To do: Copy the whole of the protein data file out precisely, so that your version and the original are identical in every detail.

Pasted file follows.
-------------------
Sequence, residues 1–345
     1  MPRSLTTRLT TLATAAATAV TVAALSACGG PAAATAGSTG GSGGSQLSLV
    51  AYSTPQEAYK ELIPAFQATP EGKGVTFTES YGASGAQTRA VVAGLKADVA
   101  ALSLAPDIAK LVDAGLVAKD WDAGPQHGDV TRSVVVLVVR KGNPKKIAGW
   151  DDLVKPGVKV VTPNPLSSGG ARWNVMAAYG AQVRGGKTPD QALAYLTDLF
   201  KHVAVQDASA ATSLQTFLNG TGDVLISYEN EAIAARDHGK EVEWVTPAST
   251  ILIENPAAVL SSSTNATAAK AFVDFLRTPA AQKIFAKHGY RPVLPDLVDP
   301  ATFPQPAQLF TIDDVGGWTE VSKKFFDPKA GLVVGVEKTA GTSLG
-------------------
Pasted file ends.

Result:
Sequence, residues 1–345
     1  MPRSLTTRLT TLATAAATAV TVAALSACGG PAAATAGSTG GSGGSQLSLV
    51  AYSTPQEAYK ELIPAFQATP EGKGVTFTES YGASGAQTRA VVAGLKADVA
   101  ALSLAPDIAK LVDAGLVAKD WDAGPQHGDV TRSVVVLVVR KGNPKKIAGW
   151  DDLVKPGVKV VTPNPLSSGG ARWNVMAAYG AQVRGGKTPD QALAYLTDLF
   201  KHVAVQDASA ATSLQTFLNG TGDVLISYEN EAIAARDHGK EVEWVTPAST
   251  ILIENPAAVL SSSTNATAAK AFVDFLRTPA AQKIFAKHGY RPVLPDLVDP
   301  ATFPQPAQLF TIDDVGGWTE VSKKFFDPKA GLVVGVEKTA GTSLG